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Lake Nakuru and The Great Rift Valley

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Stretching for almost 6,000 kilometres from Lebanon to Mozambique, the Great Rift Valley divides Kenya in two from east to west, forming a dramatic natural wonder that can be seen from space. The Rift Valley was created many millennia ago as geological forces ripped the earth apart, giving way to serene landscapes including freshwater and saline lakes, coral reefs, towering volcanoes and savannah rich in wildlife. This is one of Africa’s most biodiverse regions, offering excellent wildlife-viewing opportunities and other activities including walking, birdwatching and boat rides. The region is known as the Cradle of Mankind due to the vast amount of hominid fossils found in the area, and it is Kenya’s most prominent topographical feature.

Until the start of the 20th century, the Masai people inhabited both sides of the Rift Valley, when they were forced from their grazing grounds by the European settlers.

Thanks to its unique position on the Great Rift Valley, Kenya is home to more than half of Africa’s lakes. Eight lakes make up the system, two freshwater and six alkaline, stretching from Lake Turkana in the north to Lake Magadi in the southeast. The large flocks of flamingos for which the Kenyan lakes have become famous are found on the alkaline lakes, getting their pink colour from the crustaceans they feed on.

Lake Nakuru is a tree-lined salt lake home to greater and lesser flamingos, although in recent years the numbers of flamingos have reduced due to increased water levels. Nakuru is a stunning area, with a range of habitats around the lake including rocky outcrops, acacia forests, waterfalls and wooded hills. This is one of the best places in Kenya to spot the black and white rhinos. Other wildlife in Lake Nakuru includes giraffes, warthogs, baboons, zebras, hippos and monkeys. The park is fenced to protect the rhino and giraffe, so it doesn’t support elephants, although the rest of the Big Five can be found here.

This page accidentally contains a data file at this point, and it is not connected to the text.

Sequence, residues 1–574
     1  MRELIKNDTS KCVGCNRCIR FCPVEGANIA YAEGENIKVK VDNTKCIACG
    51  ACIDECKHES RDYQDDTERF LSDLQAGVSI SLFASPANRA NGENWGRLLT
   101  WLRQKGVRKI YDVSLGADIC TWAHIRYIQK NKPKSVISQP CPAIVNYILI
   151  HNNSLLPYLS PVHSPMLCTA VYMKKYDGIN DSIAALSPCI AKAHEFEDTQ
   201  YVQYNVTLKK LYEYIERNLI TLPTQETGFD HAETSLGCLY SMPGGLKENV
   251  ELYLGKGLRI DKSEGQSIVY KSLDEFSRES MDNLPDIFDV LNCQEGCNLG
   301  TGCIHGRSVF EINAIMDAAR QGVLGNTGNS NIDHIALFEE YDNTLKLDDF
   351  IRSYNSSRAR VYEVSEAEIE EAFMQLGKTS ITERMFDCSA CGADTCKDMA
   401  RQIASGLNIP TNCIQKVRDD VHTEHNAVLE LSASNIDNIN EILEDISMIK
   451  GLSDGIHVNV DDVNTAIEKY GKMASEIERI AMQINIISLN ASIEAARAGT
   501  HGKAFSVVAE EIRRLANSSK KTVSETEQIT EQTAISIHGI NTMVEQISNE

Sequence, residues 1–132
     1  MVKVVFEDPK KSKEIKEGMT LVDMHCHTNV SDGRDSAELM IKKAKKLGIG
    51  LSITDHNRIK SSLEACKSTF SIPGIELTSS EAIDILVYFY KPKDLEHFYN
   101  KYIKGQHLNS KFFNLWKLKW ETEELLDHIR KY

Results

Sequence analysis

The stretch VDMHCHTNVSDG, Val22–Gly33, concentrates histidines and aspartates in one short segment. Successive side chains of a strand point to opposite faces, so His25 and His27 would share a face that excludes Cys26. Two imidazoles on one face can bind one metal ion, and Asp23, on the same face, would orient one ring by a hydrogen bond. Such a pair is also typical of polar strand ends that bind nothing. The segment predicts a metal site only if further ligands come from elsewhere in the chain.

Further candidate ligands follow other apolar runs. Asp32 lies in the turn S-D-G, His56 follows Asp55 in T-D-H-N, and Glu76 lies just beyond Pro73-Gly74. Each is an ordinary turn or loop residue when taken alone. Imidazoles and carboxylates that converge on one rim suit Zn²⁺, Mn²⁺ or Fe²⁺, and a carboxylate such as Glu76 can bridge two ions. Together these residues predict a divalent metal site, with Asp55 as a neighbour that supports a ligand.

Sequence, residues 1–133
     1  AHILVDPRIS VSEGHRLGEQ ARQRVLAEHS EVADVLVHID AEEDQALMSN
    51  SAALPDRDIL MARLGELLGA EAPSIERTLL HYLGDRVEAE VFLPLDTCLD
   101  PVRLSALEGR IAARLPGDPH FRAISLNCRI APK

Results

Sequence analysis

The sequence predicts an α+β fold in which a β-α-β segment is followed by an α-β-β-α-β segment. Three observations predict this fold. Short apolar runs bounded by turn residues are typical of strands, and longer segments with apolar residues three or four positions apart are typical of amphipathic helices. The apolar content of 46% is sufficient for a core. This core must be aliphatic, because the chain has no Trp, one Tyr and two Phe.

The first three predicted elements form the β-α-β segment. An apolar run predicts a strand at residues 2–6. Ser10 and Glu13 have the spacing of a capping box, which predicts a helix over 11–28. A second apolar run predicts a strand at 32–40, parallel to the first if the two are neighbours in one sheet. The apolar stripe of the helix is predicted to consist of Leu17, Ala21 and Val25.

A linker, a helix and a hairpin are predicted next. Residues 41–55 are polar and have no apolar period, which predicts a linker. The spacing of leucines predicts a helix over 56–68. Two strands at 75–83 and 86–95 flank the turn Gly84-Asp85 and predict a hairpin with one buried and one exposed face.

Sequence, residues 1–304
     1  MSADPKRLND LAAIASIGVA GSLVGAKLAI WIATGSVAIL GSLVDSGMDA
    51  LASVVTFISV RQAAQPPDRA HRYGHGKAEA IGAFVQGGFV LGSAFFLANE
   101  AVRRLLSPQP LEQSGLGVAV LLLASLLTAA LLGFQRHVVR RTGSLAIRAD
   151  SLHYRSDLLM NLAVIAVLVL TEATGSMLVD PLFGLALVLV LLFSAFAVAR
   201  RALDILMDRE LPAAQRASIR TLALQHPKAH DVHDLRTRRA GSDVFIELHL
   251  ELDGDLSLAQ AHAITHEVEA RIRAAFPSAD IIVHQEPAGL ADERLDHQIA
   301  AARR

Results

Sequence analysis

Other lakes in the Rift Valley include Lake Naivasha, a picturesque freshwater lake with a mountain backdrop and floating papyrus islands. Sitting at an altitude of 1,884 metres, it is the highest of all the Rift Valley lakes. The high-altitude lake hosts hippos and also serves as a watering hole for zebras, buffalos, elands, impalas and waterbucks. The park is rich in birdlife, with species including cormorants and pelicans.

Located between Lake Naivasha and Lake Nakuru, Lake Elmenteita boasts a spectacular setting, framed by the broken caldera walls of several extinct volcanoes. The lake is an important breeding ground for some 400 bird species including flamingos and pelicans. Forming part of the Soysambu Conservancy, Lake Elmenteita is also home to zebras, gazelles, warthogs as well as rarer breeds such as the Rothschild giraffe and colobus monkeys.  The landscape around the lake is diverse, with craters, lava flows, plugs and other remnants of the area’s volcanic history.